A non-dual teacher once stopped my mind briefly with a single word, after I had rattled off questions about how to return to the sense of an awakened state I had felt at some time in the past. Her word was "STOP!" delivered with a penetrating stare. This invitation plunged me into a silence that rested within me, and dropped me into the presence of the heart.
The problem most of us have is that we are overly identified with our thoughts. We never stop! We never question from where they arise. We never doubt the validity of our concepts, beliefs, fears, desires and ambitions. We never relax deeply enough, except possibly in sleep (and even then not very thoroughly) to experience the nature of consciousness in its state prior to thought. It’s as if we are a spinning top or a whirlwind of thinking and emotion and it never stops – we never stop to recognize ourselves in the position of nothing-happening, being no-one. When the Buddhists speak of an end to suffering they are speaking of this stopping, because realized beings have recognized that it is the entanglement in thought that supports the idea of a separate "I", and keeps us vulnerable to separation and sorrow. Of course you can't stop the function of thought entirely, except in brief moments. But you can make it irrelevant, or move it from the role of manager into the role of occasional service.
It doesn’t matter in the least what the thoughts are that entangle us. They can be about work, relationships, money, or even spiritual goals and accomplishments. All of them are false because all of them support an entity that does not exist, who is like a character in a play. All of them are just spinning around, hoping to pull us in, seducing us into identifications with our life. This has a functional use, but the outcome often seems to be division, judgment, conflict, confusion and fear. If you are in a role where thought is essential (a judge, inventor, business manager, teacher, etc.) of course you must use the working mind functionally. But what about the chaotic thoughts -- the self-judgments, criticism, obsessive worrying, rehashing of old memories -- there is a running commentary in the back of most heads that is burdensome, distracting, and even destructive. It serves to keep a person locked into a learned and conditioned identity.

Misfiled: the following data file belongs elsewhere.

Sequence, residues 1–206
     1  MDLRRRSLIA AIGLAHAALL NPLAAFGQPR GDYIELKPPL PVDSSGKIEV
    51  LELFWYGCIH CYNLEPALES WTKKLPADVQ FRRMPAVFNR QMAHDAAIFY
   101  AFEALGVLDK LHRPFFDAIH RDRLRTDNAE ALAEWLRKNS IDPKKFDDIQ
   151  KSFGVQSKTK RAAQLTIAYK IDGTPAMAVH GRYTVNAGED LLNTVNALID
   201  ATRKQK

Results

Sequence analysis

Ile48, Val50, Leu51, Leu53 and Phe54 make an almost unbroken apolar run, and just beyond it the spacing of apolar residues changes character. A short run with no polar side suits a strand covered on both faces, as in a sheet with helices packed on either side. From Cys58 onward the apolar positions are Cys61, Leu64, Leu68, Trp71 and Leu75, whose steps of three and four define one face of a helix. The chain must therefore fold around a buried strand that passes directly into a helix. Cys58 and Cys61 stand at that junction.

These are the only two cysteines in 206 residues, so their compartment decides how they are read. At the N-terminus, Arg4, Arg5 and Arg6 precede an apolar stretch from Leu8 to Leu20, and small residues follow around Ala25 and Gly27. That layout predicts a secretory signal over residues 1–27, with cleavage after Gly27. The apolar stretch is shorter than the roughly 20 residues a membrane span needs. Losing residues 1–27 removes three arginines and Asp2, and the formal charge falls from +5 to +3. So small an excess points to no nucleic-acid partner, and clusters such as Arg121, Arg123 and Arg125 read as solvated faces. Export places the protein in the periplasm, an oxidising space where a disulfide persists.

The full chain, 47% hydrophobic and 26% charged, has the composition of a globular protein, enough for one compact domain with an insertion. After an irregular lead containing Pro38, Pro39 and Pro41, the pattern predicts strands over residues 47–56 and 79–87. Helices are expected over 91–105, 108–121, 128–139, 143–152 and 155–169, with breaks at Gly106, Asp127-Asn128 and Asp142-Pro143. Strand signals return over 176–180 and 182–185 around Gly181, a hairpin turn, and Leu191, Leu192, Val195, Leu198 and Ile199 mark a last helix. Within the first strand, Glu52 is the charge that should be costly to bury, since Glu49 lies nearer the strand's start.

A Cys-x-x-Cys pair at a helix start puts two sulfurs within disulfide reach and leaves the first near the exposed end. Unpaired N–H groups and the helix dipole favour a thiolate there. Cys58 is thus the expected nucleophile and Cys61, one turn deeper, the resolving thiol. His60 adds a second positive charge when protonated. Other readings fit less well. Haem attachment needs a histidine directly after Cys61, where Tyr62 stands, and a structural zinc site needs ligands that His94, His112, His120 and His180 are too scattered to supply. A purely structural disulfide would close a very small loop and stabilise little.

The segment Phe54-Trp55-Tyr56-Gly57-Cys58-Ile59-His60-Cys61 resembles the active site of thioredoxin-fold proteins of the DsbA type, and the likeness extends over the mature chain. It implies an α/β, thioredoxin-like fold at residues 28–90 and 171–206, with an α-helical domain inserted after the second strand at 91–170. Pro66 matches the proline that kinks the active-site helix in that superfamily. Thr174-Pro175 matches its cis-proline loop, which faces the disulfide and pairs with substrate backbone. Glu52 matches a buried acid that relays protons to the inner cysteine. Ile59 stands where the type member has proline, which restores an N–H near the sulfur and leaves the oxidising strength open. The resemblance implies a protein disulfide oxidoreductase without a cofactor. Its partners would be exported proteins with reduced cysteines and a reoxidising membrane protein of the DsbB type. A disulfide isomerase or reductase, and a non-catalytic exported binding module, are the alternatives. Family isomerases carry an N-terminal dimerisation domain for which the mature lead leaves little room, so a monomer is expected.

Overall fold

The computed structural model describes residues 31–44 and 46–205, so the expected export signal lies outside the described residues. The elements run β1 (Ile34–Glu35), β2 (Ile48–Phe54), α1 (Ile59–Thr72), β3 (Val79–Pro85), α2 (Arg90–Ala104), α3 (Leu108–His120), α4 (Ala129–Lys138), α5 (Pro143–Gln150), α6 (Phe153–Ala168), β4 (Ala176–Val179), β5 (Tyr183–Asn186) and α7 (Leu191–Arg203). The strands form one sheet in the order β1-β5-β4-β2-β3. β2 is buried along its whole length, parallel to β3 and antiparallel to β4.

Something propelled the person you are into existence. Did you have anything to do with it? Was there a you who was born, and developed and will die? Can you find him or her outside of a thought?
There is an apparent form, which appeared in one moment, and changes day-by-day, year-by-year. Did you as a separate person have anything to do with starting this process? Are you in control of the ending of it? There seems to a be a mind which has some influence over how you live your life, but how much control do you have over the thoughts that pop up in it? Can you find who or what it is inside of you that makes decisions for your life?
The foundation of spiritual awakening is the discovery of what it is you are, what it is in you that exists before thoughts clutter up perceptions and wrap themselves around experiences. What has the experience if you do not identify with the form or the thoughts? What is having this experience right here and now? It is nameless: it is that which never leaves you, and the only part of you that never changes,